The beauty of the metaverse is creation and money

Image: Zepeto

There’s been a lot of conversation about the Metaverse and how it could reshape the future of retail. More and more brands are moving into the virtual world with digital clothing and collections in the fashion industry. Earlier in March, the fashion industry even held its first major fashion show, “Metaverse Fashion Week”, earlier in March. The beauty industry is also moving in tandem, even as it catches up with its more established counterpart.

However, therein lies the beauty. While the metaverse remains an evolving space and concept, there are many opportunities for beauty brands to use the virtual world to engage, create and build communities.

The metaverse offers potentially endless ways because it is not limited to the limitations of the physical world such as booking a place or supply chain issues. Metaverse users only need to log in to the respective platforms and then enjoy the content released by the various beauty brands.

More than just a marketing tool, beauty brands shouldn’t fall into the trap of simply jumping on the metaverse bandwagon. There should be an element of storytelling that the brand tries to convey digitally to its consumers. One example is Estée Lauder, who teamed up with Metaverse Fashion Week to release an NFT of her iconic Advanced Night Repair (small brown bottle). The result was a virtual experience where users learned about the brand’s history, ingredients, and how they should feel after using the product in real life.

Estée Lauder in the Metaverse
Image: Estee Lauder

It’s one of the ways brands can use to engage with consumers and extend their reach to those who may not be familiar with the brand. “It’s not age specific; it’s about attracting and engaging with new communities of consumers who are already immersed in the metaverse and want to connect virtually with beauty and fashion brands,” says Jon Roman, Senior Vice President of global marketing at Estée Lauder.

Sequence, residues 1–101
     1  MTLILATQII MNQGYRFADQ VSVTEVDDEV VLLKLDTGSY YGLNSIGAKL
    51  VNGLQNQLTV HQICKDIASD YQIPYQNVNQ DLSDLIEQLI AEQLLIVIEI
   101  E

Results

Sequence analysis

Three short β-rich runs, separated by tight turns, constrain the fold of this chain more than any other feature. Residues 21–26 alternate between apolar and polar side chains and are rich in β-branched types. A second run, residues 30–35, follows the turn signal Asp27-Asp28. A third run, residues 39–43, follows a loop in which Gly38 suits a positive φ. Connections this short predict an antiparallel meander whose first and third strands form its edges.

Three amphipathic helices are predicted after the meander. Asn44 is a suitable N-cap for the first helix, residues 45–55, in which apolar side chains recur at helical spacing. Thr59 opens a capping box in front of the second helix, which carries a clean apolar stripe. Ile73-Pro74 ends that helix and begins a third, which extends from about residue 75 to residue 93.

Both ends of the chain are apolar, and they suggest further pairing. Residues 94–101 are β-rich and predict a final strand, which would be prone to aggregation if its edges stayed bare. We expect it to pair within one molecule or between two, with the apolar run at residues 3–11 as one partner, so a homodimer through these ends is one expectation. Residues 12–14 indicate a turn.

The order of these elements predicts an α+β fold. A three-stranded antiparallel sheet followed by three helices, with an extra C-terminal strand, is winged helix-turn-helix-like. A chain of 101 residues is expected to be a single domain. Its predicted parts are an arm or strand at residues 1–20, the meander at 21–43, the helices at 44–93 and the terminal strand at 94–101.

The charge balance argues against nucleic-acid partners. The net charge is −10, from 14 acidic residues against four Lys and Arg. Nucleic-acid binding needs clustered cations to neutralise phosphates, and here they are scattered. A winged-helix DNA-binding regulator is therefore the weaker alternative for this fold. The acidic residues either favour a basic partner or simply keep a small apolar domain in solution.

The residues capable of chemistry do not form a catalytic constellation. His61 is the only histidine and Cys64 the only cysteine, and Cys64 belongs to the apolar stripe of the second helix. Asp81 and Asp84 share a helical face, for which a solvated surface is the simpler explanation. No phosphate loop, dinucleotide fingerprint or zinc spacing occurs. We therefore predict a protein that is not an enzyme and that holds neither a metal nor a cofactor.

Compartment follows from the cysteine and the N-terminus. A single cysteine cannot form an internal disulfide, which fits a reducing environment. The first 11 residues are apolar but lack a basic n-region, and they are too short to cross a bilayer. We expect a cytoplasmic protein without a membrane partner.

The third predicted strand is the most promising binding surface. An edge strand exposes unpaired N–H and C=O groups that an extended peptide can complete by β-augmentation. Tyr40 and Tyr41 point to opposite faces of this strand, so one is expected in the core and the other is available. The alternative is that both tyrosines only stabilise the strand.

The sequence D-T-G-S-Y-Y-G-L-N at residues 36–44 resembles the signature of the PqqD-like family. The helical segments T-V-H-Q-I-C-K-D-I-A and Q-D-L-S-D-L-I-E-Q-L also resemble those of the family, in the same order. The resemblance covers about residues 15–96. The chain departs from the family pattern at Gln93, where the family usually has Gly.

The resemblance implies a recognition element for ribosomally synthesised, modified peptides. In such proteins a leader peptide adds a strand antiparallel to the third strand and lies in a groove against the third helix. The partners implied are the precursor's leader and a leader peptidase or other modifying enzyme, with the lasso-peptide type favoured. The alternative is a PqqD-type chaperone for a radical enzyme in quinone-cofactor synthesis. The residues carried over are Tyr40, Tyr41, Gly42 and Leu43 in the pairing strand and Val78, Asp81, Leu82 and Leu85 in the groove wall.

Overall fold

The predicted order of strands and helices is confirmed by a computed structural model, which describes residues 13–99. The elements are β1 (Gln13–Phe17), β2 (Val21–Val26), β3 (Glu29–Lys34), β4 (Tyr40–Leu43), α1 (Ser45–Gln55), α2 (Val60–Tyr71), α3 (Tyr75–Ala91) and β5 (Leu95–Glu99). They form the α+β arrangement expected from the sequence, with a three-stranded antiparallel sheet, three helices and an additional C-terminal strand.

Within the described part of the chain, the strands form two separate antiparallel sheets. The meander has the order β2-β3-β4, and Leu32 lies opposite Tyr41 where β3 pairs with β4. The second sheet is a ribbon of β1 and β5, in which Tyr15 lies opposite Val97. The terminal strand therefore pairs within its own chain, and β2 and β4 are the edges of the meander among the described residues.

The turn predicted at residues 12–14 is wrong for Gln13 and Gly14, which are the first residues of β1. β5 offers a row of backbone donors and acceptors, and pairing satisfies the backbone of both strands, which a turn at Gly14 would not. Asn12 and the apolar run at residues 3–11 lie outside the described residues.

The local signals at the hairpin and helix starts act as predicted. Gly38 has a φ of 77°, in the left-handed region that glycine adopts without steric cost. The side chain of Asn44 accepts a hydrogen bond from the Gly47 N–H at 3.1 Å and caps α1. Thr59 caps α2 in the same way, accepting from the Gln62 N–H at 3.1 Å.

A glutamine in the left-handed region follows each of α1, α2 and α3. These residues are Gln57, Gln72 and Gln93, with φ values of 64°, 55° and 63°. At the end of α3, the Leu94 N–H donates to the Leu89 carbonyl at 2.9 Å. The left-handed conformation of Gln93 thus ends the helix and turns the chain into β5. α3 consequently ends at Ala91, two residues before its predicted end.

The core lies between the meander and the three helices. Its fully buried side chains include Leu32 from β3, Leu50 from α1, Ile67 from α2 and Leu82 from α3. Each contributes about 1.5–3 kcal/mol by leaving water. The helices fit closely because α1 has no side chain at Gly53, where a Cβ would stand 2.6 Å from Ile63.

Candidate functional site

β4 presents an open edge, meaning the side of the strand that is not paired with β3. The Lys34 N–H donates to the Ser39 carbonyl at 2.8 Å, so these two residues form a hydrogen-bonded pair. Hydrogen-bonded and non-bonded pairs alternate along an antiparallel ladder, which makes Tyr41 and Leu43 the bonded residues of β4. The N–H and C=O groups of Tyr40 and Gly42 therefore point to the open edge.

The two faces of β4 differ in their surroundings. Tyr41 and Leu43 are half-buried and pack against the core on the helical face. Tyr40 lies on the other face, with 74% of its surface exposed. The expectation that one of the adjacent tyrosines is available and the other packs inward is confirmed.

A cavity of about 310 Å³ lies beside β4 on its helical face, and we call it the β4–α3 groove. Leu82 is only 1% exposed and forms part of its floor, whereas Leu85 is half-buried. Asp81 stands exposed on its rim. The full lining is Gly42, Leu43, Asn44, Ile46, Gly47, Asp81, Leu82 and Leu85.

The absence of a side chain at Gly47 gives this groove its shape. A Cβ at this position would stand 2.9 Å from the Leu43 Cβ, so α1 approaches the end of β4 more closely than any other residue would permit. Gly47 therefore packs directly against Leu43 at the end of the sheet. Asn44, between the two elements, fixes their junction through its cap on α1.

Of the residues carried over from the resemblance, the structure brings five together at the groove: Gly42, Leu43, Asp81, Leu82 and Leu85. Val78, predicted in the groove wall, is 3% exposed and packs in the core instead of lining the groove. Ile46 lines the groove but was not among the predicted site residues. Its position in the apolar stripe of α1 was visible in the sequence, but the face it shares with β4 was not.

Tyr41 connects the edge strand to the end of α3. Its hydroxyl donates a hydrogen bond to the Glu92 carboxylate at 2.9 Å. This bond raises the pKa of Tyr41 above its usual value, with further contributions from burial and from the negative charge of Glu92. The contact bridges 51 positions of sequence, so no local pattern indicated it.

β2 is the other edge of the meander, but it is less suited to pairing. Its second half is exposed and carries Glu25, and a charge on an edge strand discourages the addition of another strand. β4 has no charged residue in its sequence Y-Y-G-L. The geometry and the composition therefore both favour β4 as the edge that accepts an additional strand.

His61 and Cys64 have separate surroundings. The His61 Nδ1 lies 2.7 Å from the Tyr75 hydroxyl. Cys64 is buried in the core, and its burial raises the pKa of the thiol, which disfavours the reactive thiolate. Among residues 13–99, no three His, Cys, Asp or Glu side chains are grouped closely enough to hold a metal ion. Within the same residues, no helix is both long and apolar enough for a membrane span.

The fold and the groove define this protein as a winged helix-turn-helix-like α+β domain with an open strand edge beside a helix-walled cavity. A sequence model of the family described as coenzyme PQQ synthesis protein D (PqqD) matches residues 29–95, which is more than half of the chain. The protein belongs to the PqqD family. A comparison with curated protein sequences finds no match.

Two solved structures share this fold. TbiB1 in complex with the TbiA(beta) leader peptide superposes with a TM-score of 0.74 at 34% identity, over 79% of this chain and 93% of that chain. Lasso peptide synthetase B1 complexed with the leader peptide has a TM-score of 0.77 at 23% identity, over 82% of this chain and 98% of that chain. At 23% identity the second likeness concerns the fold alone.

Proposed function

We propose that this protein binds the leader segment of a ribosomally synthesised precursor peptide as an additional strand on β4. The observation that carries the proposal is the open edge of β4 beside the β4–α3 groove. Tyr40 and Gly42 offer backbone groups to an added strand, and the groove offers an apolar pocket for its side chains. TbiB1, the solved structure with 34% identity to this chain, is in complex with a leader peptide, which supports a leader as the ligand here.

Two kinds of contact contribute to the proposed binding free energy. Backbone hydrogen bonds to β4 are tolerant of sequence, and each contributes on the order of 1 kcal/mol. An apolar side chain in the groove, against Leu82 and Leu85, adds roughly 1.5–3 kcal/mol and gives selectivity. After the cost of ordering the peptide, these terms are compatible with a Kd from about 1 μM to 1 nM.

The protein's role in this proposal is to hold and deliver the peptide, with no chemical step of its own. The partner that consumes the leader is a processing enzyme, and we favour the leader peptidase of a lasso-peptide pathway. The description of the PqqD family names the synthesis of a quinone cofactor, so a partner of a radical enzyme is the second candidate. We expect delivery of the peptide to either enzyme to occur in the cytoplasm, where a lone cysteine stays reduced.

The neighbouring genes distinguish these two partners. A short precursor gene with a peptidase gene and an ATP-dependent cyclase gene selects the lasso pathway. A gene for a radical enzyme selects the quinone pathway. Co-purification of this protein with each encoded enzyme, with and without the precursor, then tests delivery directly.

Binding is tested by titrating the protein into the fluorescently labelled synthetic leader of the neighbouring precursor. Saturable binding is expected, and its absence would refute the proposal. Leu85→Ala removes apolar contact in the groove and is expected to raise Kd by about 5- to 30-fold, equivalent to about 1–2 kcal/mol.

There is potential for more on the metaverse. In addition to engaging with users through branded content, beauty brands that sell cosmetics can take advantage of the virtual space as a training ground for their upcoming launches. These cosmetic brands may first test the waters by releasing a digital version of their products. The concept is similar to the use of augmented reality (AR), where new products can appear either on user avatars or themselves through a filter. Brands like MAC Cosmetics, L’Oreal and Sephora also offer virtual try-ons so consumers can visualize themselves before making the purchase.

Brands can take the narrative even further by mimicking how their products can be applied in real life, which further enhances the interaction between the two parties. The potential of the metaverse is presumably limitless in terms of how users can express themselves through their avatars. Through this third-party platform, more surreal beauty looks can be unlocked, and new areas of inclusivity and self-expression can also be achieved.

Despite all the efforts to improve the customer experience in the metaverse, it is still imperative that these beauty brands also translate the digital aspects into tangible results. Ultimately, revenue must be earned to keep the metaverse running. After going through nearly two years of online Zoom sessions, a common feeling is that the virtual world cannot replace physical encounters.

This is where beauty brands can step in and fill the gap. After gathering enough information through his engagements with users on the metaverse, he can curate custom makeup looks to their liking. Tying together other facets of the metaverse like NFTs, each look can be minted and released in limited quantities for those who have earned their stripes by participating in online events.

The connection to the physical world could be sending consumers the actual products used to create the signature makeup in the metaverse or inviting them to a store where the brand’s professional makeup artists can recreate the looks. As technology advances, the makeup process could even be automated and programmed into a robot. One only has to look back to late fashion designer Alexander McQueen’s Spring 1999 show to see what might happen in the future. Of course, the scale and size of these paint-spraying robots must be miniaturized to be user-friendly.

Looking at the possibilities offered by the metaverse is breathtaking. If beauty brands can play their cards right, the metaverse could not only enrich the experience of its consumers interacting with the brand, but it will also become the new gold mine.

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